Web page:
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Babylonian Chess

Introduction

This chess variant can be played with a standard chess set and 
polyhedral dice (aka RPG dice). Having additional chess pieces 
make for a more aesthetically pleasing game. Added variation by 
playing with a hexagonal or 3-player chessboard may also be 
possible.

Rules

All normal chess rules apply with several exceptions. All pieces 
move  in the normal manner and special movements like en passant, 
castling and promotion are allowed. The main difference is that a 
player does not automatically capture an opponent's piece. When a 
player advances a piece with the intention to capture an 
opponent's piece, both players must roll dice appropriate to their 
pieces. The piece with the lower roll gets captured. Tied rolls 
results in stalemates.

The dice assignments for the pieces are as follows:

Pawn:	1d4
Knight:	1d6
Bishop:	1d6
Rook:	1d8
Queen:	1d12
King:	1d20

If the advancing piece is captured, the defending piece remains 
in place. An exception to this is the King (see below). In 
addition, several other differences exists:

1) Players need only declare a checkmate, not a check.

2) Pieces can be moved to expose the King to attack unless 
such a move will result in an immediate checkmate.
   
3) A player who already has a piece that can capture the 
opponent's King may, during any of his subsequent turns, 
move another piece into a position that threatens the King 
and claim an "Assist" attack. In this way, a player's King
may be simultaneously attacked by several pieces which are in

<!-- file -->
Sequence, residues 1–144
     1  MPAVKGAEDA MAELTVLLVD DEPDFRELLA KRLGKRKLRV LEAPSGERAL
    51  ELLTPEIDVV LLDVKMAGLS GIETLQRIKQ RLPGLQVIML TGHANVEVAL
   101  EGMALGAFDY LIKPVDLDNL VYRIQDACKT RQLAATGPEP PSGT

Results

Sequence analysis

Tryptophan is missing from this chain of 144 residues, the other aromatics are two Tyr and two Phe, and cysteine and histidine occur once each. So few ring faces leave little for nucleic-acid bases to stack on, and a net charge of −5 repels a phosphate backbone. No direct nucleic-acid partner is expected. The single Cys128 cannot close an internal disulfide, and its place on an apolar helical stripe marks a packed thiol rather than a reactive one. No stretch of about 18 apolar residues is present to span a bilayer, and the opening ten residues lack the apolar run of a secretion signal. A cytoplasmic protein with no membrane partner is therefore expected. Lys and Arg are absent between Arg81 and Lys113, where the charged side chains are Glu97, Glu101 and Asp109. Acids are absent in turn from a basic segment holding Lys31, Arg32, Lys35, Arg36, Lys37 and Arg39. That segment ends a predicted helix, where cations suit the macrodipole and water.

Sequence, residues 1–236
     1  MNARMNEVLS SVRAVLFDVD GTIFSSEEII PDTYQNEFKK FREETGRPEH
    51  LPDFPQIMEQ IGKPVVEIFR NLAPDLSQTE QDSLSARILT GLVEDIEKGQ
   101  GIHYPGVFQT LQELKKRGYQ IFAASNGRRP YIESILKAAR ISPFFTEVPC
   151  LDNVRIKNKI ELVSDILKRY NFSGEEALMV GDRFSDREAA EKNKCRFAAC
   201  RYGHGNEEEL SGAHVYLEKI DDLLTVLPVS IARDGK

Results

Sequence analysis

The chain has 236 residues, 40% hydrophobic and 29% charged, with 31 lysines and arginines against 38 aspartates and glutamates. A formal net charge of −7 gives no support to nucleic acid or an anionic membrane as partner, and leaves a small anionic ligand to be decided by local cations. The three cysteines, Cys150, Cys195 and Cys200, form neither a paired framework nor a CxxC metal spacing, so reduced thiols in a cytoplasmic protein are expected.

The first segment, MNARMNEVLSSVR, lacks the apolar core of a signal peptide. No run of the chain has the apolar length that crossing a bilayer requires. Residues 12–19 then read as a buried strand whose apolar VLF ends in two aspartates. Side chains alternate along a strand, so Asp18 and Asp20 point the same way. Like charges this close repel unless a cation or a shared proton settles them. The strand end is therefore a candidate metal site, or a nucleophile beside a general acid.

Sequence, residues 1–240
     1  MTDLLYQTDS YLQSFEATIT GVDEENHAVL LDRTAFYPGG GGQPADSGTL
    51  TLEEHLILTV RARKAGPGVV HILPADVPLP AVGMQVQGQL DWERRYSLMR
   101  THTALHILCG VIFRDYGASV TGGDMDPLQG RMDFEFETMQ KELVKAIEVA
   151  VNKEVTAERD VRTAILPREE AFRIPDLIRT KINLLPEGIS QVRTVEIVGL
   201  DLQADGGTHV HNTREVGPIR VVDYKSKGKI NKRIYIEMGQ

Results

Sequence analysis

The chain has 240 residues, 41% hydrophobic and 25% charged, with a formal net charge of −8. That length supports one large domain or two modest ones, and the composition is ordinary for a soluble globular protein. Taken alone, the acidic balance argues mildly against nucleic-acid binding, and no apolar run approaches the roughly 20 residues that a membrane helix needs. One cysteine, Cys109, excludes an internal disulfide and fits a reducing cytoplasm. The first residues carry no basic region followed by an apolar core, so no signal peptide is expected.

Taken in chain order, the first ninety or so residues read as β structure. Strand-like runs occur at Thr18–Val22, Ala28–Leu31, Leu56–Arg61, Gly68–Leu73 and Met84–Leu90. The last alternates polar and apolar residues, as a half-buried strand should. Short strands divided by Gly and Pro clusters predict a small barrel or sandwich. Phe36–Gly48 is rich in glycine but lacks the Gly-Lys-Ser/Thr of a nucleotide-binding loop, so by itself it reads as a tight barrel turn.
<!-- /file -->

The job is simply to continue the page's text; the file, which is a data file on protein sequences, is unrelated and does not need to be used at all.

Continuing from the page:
positions to do so. In this case, the dice rolls of the 
assisting piece and all the attacking pieces are combined 
and compared against that of the King. If the King rolls
higher, all the attacking pieces are captured and the King 
has the option to move into any one of their positions, even 
if it is more than one square away. If the attackers combined 
roll is higher, the King is captured and the game
ends. In the event of a stalemate, the King can choose to 
convert the attacking piece with the lowest roll to his color.
   
4) A checkmate immediately wins the game, no dice rolls need 
be made.

5) The game ends when a player captures or checkmates his 
opponent's King.

Notes

The introduction of the dice roll element forces players to 
weigh between the risks and benefits of trying to capture 
enemy pieces. This also means that the best made plan could 
be undone by an unlucky roll of the dice. The King, having
a d20 dice roll and having special rules, can be used creatively. 
On the whole, the game becomes more unpredictable and exciting 
with considerable possibilities for new strategies and 
counter-strategies.


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By Muhammad Hidayat.
Web page created: 2009-08-26. Web page last updated: 2012-02-26